A Friend In Need brought to mind that (probably apocryphal) Mark Twain quote: “I once sent a dozen of my friends a telegram saying ‘flee at once – all is discovered.’ They all left town immediately.”
Here it’s affairs, drugs, crimes against fashion (I’m looking at you, Patrick), and being rude to a pole dancer (you again, Patrick!). Two are enough to bring down a marriage, possibly all four if you’re particularly offended by sartorial inelegance and bad manners.
“Short” is a nebulous term which it comes to films. I’ve watched (and even judged, literally) films that vary from four minutes to 40.
Director Matt George Lovett’s A Friend In Need comes in at around 35 minutes, a good length for a thriller that needs time to set up the characters, and drop enough clues and red herrings so we aren’t finding out everything via clunky spoken exposition.
Increasingly short films are being remade as feature films at a later date, though they still have to stand on their own two feet as self-contained works of storytelling. This would make a good feature, but it also works as a half hour mystery.
“If we’re out drinking with Mike we’re not piss-heads any more” says Chris. “We’re angels of mercy!” agrees his colleague Patrick, as they plot the perfect alibi.
Chris (Robert Dukes), Gianni (Jose Palma) and Patrick (Charlie Freeman) are brokers; but while they first appear to be tight-knit as they work hard and play hard, increasingly it starts to look as if the ties that bind them together are more sinister than friendly, and prone to unravelling.
They’re out a lot, to the annoyance of their wives, women whom their husbands moan about behind their backs now they’ve had children and stopped doing “sexy”.
The men’s excuses for their frequent absences for home are all based around “Mike” – an Iraq veteran with family problems and a son called Timmy, or is it Tommy? Anyway he’s a client of the brokers who needs a lot of support that can only be given in pole-dancing bars or at the races.
Mike doesn’t exist, but he’s a convenient excuse for after-work drinking and affairs. Until he starts writing to all three men, threatening to expose them to their families.
The middle-class moneyed setting is very well done; it’s all brunches and barbecues, with the wives and children running round a big garden, the men sneaking off to argue and blame each other and scratch their heads instead of each other’s backs.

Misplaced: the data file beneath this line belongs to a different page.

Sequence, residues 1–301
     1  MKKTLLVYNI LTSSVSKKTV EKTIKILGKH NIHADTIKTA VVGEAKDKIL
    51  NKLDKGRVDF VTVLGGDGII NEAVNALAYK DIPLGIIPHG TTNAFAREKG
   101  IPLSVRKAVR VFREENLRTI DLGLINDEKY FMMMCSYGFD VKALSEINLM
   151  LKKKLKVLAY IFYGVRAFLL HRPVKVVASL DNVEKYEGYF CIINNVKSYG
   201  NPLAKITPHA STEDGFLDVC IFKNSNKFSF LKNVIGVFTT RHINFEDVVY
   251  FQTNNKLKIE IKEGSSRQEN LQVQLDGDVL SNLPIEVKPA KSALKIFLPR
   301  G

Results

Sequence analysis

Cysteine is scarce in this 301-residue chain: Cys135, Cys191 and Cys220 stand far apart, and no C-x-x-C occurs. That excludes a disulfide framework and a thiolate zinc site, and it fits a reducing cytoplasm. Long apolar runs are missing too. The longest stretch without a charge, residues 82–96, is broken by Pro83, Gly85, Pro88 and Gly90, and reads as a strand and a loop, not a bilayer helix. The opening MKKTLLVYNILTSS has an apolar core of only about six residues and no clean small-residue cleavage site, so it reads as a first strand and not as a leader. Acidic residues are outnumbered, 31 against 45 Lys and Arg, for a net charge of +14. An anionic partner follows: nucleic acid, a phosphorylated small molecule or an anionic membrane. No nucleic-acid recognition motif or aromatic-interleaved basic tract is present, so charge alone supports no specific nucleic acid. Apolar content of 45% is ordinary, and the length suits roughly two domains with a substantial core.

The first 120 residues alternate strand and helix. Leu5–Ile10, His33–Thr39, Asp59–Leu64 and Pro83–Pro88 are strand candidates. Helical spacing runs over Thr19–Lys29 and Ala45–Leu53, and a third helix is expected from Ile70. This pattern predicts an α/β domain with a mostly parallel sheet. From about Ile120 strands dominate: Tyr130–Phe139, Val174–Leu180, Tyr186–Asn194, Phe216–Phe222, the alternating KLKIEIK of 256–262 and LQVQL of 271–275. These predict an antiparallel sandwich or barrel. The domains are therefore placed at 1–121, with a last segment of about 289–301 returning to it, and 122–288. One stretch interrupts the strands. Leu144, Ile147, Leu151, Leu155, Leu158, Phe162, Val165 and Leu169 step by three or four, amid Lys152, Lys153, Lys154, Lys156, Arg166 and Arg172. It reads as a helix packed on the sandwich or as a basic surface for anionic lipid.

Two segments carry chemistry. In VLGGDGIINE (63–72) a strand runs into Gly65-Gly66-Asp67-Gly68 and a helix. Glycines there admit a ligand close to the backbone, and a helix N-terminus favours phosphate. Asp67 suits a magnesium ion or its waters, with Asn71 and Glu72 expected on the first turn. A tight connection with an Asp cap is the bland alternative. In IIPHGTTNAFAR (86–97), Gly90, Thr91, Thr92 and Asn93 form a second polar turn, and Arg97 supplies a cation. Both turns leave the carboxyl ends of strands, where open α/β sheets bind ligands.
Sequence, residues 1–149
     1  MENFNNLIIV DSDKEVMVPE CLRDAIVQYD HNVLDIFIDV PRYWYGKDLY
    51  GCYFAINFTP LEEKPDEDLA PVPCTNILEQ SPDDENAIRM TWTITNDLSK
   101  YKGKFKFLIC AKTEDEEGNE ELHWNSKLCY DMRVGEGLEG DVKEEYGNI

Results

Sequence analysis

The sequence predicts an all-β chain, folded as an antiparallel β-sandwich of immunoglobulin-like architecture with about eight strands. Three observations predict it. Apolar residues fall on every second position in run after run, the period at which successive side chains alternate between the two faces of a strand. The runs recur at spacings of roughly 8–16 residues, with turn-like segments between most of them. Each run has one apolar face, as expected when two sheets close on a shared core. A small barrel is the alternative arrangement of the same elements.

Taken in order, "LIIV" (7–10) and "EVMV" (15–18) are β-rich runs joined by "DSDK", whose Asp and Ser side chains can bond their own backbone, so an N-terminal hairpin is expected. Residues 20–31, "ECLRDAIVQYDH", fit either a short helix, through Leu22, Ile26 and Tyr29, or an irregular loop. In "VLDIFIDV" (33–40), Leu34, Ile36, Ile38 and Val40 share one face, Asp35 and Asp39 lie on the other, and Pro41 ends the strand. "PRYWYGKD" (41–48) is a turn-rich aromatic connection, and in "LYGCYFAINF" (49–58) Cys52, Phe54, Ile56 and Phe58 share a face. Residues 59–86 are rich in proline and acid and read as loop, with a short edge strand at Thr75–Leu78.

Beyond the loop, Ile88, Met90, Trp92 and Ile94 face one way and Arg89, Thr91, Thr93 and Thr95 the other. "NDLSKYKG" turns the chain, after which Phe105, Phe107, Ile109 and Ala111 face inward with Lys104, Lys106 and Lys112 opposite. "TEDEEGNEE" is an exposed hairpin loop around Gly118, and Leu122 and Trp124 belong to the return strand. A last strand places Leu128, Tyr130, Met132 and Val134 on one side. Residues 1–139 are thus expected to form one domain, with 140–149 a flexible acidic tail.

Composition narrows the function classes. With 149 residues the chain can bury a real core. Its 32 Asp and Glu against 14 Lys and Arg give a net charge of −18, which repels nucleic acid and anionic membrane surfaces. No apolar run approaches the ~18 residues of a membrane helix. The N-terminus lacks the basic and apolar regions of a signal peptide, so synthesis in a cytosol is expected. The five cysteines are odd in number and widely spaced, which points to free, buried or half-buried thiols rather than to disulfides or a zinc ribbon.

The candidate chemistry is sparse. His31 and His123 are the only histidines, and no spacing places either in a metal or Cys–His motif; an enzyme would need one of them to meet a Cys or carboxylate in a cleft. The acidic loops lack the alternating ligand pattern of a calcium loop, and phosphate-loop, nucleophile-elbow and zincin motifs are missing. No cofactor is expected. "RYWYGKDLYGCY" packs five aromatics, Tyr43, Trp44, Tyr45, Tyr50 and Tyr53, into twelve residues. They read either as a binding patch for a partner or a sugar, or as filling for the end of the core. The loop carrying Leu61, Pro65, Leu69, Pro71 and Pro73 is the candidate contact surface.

Gianni is the most laid back, physically softening as he enjoys the benefits of client entertaining. Chris, tall, thin and increasingly nervy, with a wife and a cute daughter, likes to think he’s a good guy but his behaviour belies it (Dukes reminds me of a blond Rupert Everett in his early roles, buttoned up but increasingly fidgety as worries threaten to overwhelm him.)
Allegiances melt away, re-form and harden as three people (always an awkward number) accuse and excuse.
I loved the conversation between Chris and Gianni, berating themselves for their bad behaviour but only because they now face consequences; their conscience-wrestling somehow absolving them from actually stopping. This and the moaning about their wives’ general letting go will strike a chord with many.
Patrick turns out to be more of an outsider even though he most fits the stereotype of the high living finance guy, in pastel shirt with a salmon pink cashmere sweater knotted loosely round his shoulders.
Until something terrible happens, presumably instigated by Mike, whoever that is.
This is an entertaining and polished film about trust and how well you really know someone – I was intrigued from the beginning.
And though I soon made my mind up whodunit, that was followed by quite a long period where I decided I was completely wrong and settled on one (well, several if I’m honest) other suspects.
Dukes (who I last saw in the accomplished World War 2 short The Code) is a terrific Chris, hoist by his own petard as his behaviour leads to his world collapsing around him, his wife and child collateral damage. (He also has most of the screentime which – in a film of this length – gives him considerably more scope.) The wives are understandably quickly drawn; there are flashbacks too, though it wasn’t immediately clear that’s what they were.
A Friend In Need loses out a little on tension, but that’s because of its length – it’s hard to build affection for characters who are flawed but we would still, with a longer run-time, root for. In fact as a feature A Friend In Need would work extremely well: more time to introduce more characters, deeper affection for the imperfect characters already there, and a slow-burn approach as the paranoia rises.
I should also mention Elizabeth McNally. She’s only in one scene, as Roma Scott, the solicitor brought in when the walls start crashing down – but it’s a long one and she’s excellent. No nonsense, abrasive, frustrated, and most importantly entirely believable.
A Friend In Need has already won several awards including:
Top Shorts Online Film Festival: Best Story, Best Original Drama, Best Supporting Actress for Aislinn De’Ath (Patrick’s wife Emma).
Actors Awards: Best Actor for Robert Dukes (Chris), Best Actress for Elizabeth West (Chris’s wife Laura).
Los Angeles Film Awards: Best Drama (Short), Best Original Story (Short), Best Actor (Short) for Robert Dukes.
New York Film Awards: Best Narrative Featurette, Best Original Story, Best Actor for Robert Dukes.
Watch the trailer for A Friend In Need: